You’ve worked hard and saved into your pension. But what can you do if you realise you aren’t going to have enough money to pay for the retirement you want?
Firstly, don't panic. We've put together some information to help you take back control of your finances.
Track down all your pension funds
If you’ve moved jobs a lot, you may have pensions that you’ve forgotten about and lost contact with. Make sure that you track them all down and take them into account when planning your retirement finances.
The government's Pension Tracing Service can help you find both company and personal pension plans that belong to you. Even if forgotten pension funds are small, it all adds up.
To make life easier, you can transfer multiple pensions all into one place. Just make sure you consider the risks, charges, funds and valuable benefits that could be lost. You may be required to get financial advice for which you may be charged. Also the value of your pensions can down as well as up and you could get back less than has been paid in.
Delay your retirement
Staying in paid work longer can give you more time to add to your pension fund and may help you to address any small debts before you retire. If you’d still like some of the freedom that retirement offers but want to keep working, you could try to reduce your hours or look for a part-time job.
While delaying your retirement could mean you pay more money into your pension, it doesn’t guarantee you’ll get more money from it when you retire. As pension investments can go down in value as well as up, so you may get back less than you’ve invested.
All this means is that if you're thinking about delaying your retirement, it’s worth talking to a financial adviser, who may charge you for their services.
You may also need to find out the deferment rules for your pension scheme. Ask your employer or pension provider how this works and what it means for you.
Find out what you’re entitled to
You’ll probably be able to claim a State Pension if you’ve worked and made National Insurance contributions or received National Insurance credits. Not everyone gets the same amount, so it’s worth finding out what you’re due. And if you don’t take your State Pension straight away, you can increase the payments you receive when you do choose to start.
You normally need 35 years' National Insurance contributions or credits to qualify for the maximum pension under the single state pension rules, and you normally need at least 10 years' contributions or credits to receive any state pension. You can check what you're currently entitled to here.
There are other benefits you may be entitled to in retirement, which you can check on the Government website, such as pension credit and winter fuel payment. You can use a calculator from the Govement website to work out how much you might be able to claim.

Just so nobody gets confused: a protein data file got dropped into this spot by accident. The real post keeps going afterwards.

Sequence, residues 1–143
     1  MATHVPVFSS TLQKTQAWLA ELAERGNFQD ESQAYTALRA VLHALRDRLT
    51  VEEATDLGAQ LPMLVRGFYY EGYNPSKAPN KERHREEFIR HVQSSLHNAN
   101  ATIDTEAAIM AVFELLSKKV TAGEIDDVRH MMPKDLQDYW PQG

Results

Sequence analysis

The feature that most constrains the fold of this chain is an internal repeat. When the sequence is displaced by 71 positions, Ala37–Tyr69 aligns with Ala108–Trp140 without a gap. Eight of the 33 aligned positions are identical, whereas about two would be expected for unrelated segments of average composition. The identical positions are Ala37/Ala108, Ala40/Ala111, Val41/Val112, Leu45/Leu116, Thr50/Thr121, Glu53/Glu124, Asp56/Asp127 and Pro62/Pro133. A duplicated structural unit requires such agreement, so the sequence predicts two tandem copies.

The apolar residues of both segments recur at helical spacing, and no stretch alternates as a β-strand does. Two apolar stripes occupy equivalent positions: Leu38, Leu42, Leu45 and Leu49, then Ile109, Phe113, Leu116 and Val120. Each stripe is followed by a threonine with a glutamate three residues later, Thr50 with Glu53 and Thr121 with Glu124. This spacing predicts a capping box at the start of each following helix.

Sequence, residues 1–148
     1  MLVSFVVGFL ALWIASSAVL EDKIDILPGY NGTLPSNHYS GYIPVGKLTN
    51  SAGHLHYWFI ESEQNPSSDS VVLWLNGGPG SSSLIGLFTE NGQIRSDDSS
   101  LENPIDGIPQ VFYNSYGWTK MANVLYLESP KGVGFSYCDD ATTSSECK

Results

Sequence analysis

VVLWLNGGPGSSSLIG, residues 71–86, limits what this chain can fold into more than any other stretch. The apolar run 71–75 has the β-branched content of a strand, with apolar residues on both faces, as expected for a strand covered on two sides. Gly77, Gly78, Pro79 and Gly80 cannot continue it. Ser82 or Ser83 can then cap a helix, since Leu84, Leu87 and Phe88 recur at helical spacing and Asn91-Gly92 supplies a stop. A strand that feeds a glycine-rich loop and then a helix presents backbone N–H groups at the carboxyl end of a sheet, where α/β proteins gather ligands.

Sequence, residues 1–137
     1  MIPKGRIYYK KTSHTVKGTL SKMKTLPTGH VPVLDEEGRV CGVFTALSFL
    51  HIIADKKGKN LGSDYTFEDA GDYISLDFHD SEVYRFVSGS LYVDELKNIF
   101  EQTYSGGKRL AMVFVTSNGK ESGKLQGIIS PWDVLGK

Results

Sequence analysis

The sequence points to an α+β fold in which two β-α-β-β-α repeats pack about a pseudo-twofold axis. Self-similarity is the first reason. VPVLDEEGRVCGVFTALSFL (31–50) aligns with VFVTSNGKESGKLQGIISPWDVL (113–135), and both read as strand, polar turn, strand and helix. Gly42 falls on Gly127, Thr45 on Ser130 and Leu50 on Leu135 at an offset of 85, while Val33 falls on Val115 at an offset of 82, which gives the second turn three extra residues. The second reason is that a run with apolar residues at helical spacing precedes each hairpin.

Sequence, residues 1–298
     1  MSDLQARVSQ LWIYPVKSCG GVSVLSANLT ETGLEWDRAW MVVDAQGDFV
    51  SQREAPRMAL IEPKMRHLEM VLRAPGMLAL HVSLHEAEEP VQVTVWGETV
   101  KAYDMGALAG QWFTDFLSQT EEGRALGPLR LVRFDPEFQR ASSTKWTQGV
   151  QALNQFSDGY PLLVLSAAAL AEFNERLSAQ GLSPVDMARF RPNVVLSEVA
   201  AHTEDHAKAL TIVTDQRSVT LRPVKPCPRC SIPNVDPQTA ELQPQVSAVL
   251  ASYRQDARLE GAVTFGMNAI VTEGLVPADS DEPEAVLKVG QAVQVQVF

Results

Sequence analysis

Check how much guaranteed income your pension savings could buy
If you choose to buy an annuity with some or all of your pension savings, you’ll receive a fixed income for the rest of your life. Annuity rates don’t stay the same, but to get a picture of the income you might be able to get, you could use our pension annuity calculator. You don’t have to buy an annuity from your pension provider, so you can shop around to look for a better rate.
Review your savings and investments
Your pension isn’t the only place to look for the money that’s going to fund your retirement. If you’ve got any investments or savings, now’s the time to check on their performance and returns.
If you do some research, you may find that they could be working harder for you if you move them elsewhere. This could be a complex decision and you need to consider the charges, fund range and any valuable benefits that could be lost. We always recommend you talk to a financial adviser.
Release money from your home
There are different ways to unlock cash – or release equity – from some of the value of your home to help fund your retirement.
A popular type of equity release is a lifetime mortgage. It's a long-term loan secured against your home, which you can apply for when you're aged 55 and over, and there are no monthly repayments. Typically, the loan and any interest that's built up is repaid when you (and your partner, if you've taken it out jointly) pass away or need long-term care - normally using money from your home's sale.
You need to know that taking out any type of equity release will mean you can leave a lower amount behind to loved ones. It may also have a tax impact and affect whether you’re still eligible for welfare benefits.
It’s important to consider the benefits, costs and risks before deciding whether a lifetime mortgage or another equity release product is right for you. If you're thinking about equity release, you should always get financial advice.
It’s important to get financial advice when making decisions about your pension, so please speak to your financial adviser. If you don’t have one, we can help put you in touch with one. Call us on 0800 302 9656, Monday to Friday 8am-6pm^.
If you need more general advice tailored to your specific situation, Citizens Advice offer guidance on various topics, including debt. A number of charities can also help with money issues in retirement, such as Tax Help for Older People.